Question: How to measure the methylation level of a gene?
2
gravatar for yinzl2007
3.5 years ago by
yinzl200720
China
yinzl200720 wrote:

If I known the methylation information of every site of genome, how to measure the methylation level of a gene?

 

methylation level gene • 1.9k views
ADD COMMENTlink modified 2.9 years ago by bmartinez0 • written 3.5 years ago by yinzl200720
2
gravatar for Sean Davis
3.5 years ago by
Sean Davis25k
National Institutes of Health, Bethesda, MD
Sean Davis25k wrote:

Genes do not have methylation levels, but you can certainly summarize the methylation around a gene (average, median, min, max; 2kb upstream, gene body, first intron).  You will need to determine how best to summarize your own data, though (or if summarizing even makes sense for your questions).

ADD COMMENTlink modified 3.5 years ago • written 3.5 years ago by Sean Davis25k

Thanks for your answer.

ADD REPLYlink written 3.5 years ago by yinzl200720
0
gravatar for Devon Ryan
3.5 years ago by
Devon Ryan90k
Freiburg, Germany
Devon Ryan90k wrote:

There's are a couple ways to do this, none of which are exactly perfect.

  1. Average (or take the median of) all of the methylation percentages in the gene.
    1. You'll likely want to filter out low-coverage Cs.
  2. Use the methylation counts (i.e., the number of fragments supporting methylated/unmethylated Cs at a position), where you just sum everything and take the percentage.
    1. Again, you probably want to filter out low-coverage Cs.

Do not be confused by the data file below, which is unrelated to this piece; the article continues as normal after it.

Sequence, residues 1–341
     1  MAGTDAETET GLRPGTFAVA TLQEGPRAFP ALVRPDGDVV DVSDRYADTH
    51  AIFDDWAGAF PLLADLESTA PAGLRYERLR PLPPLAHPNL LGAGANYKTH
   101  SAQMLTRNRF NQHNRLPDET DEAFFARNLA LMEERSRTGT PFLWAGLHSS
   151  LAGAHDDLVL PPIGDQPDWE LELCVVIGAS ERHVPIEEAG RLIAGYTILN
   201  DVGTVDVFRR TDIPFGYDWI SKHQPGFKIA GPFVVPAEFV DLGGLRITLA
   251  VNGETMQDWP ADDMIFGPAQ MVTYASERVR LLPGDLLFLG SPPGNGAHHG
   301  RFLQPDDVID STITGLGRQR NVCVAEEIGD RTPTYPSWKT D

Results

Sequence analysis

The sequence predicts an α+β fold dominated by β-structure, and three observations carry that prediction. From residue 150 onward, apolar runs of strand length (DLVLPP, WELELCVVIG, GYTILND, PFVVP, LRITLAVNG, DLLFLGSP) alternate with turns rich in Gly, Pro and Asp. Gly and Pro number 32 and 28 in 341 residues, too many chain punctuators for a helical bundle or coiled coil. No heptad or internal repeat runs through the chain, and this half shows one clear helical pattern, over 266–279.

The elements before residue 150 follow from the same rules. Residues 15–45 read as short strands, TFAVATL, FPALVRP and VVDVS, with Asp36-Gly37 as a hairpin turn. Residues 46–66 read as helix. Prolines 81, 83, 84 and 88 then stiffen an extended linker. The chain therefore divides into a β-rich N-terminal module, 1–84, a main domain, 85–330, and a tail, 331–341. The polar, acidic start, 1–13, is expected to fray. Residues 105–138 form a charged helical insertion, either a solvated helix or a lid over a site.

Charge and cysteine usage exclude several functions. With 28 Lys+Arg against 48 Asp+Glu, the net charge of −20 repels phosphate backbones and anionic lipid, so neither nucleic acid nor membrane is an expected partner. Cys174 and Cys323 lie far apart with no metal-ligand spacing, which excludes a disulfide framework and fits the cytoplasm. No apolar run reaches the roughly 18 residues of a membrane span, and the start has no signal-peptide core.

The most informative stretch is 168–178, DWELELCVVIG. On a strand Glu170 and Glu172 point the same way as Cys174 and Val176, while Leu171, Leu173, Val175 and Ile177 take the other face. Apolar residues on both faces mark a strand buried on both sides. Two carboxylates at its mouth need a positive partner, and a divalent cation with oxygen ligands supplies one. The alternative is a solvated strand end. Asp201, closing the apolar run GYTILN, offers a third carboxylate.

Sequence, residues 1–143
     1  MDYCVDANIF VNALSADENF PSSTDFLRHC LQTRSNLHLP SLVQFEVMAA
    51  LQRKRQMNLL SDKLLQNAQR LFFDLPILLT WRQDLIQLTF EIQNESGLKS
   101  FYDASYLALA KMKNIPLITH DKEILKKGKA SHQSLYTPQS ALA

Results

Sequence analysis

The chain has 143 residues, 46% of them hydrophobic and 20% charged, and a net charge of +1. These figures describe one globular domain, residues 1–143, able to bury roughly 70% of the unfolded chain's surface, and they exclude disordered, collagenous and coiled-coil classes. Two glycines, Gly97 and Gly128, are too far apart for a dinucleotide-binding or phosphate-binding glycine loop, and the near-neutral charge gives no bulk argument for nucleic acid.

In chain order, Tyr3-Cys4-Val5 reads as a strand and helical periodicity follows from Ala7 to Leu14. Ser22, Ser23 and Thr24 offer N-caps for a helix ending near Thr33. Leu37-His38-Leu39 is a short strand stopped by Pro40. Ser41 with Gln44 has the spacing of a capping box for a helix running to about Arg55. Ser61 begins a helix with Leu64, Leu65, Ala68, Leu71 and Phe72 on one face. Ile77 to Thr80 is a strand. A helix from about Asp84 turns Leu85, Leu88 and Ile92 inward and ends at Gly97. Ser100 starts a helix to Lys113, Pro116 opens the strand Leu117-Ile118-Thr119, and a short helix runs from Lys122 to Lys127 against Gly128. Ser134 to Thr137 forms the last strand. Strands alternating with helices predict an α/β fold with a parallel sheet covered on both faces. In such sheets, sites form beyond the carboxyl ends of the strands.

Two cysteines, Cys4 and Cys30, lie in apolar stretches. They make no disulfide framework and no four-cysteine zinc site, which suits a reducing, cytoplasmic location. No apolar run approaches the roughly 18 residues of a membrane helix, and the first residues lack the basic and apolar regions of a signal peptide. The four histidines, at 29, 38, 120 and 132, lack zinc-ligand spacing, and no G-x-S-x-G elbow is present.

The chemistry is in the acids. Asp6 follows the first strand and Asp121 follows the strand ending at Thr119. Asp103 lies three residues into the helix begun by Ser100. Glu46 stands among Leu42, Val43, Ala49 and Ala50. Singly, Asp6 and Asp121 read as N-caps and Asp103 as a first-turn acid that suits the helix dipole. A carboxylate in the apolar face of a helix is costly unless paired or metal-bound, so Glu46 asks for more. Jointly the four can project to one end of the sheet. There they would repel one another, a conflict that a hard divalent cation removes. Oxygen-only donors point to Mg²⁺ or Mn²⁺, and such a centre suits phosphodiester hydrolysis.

2. This only makes sense if you have even coverage or similarly biased coverage between samples.
  3. Forget trying to come up with a single number and just compare sites with some minimum coverage.

I actually prefer (3), but it seems that most other people prefer to average methylation percentages. To each their own.

ADD COMMENTlink written 3.5 years ago by Devon Ryan90k

Thanks for your answer!

Maybe it's impossible to measure the methylation of a gene by a single number, but the second method is a nice way for my questions. 

ADD REPLYlink written 3.5 years ago by yinzl200720
0
gravatar for bmartinez
2.9 years ago by
bmartinez0
bmartinez0 wrote:

Hi,

As Yinzl2007, I would like to summarize the methylation level in each gene in order to correlate these values with gene expression levels in different tissues of a non-model species. I have WGBS data for four individuals of the same population, three of them at 6-7x and the fourth at a lower coverage. The gene expression profiles (obtained in a different study) comes from a different individual in the same population.

One of my doubts is whether to pool the methylomes of all the individuals to get the methylation values for each gene. I will filter out low-coverage Cs as well as for too high-coverage Cs. Do you think that this approach is adequate?

I planned of averaging the methylation percentage in each gene (approach 1), although I understand that this is a rough approach and would imply that every methylated C “weights” the same. I was considering to summarize the methylation just in the promoter region, but I wonder whether using all the methylated c's in promoter+gene body, or promoter+first intron would be a better option. Or even other alternative. I do not find any consensus on that.

Should I consider only genes containing a mínimum number of methylated C’s and discard the rest of genes? I was thinking of putting a mínimum limit of 20 Cs with a methylation level over 30%.

Any suggestion is more than welcome.

Thanks a lot in advance,

Begoña

ADD COMMENTlink written 2.9 years ago by bmartinez0
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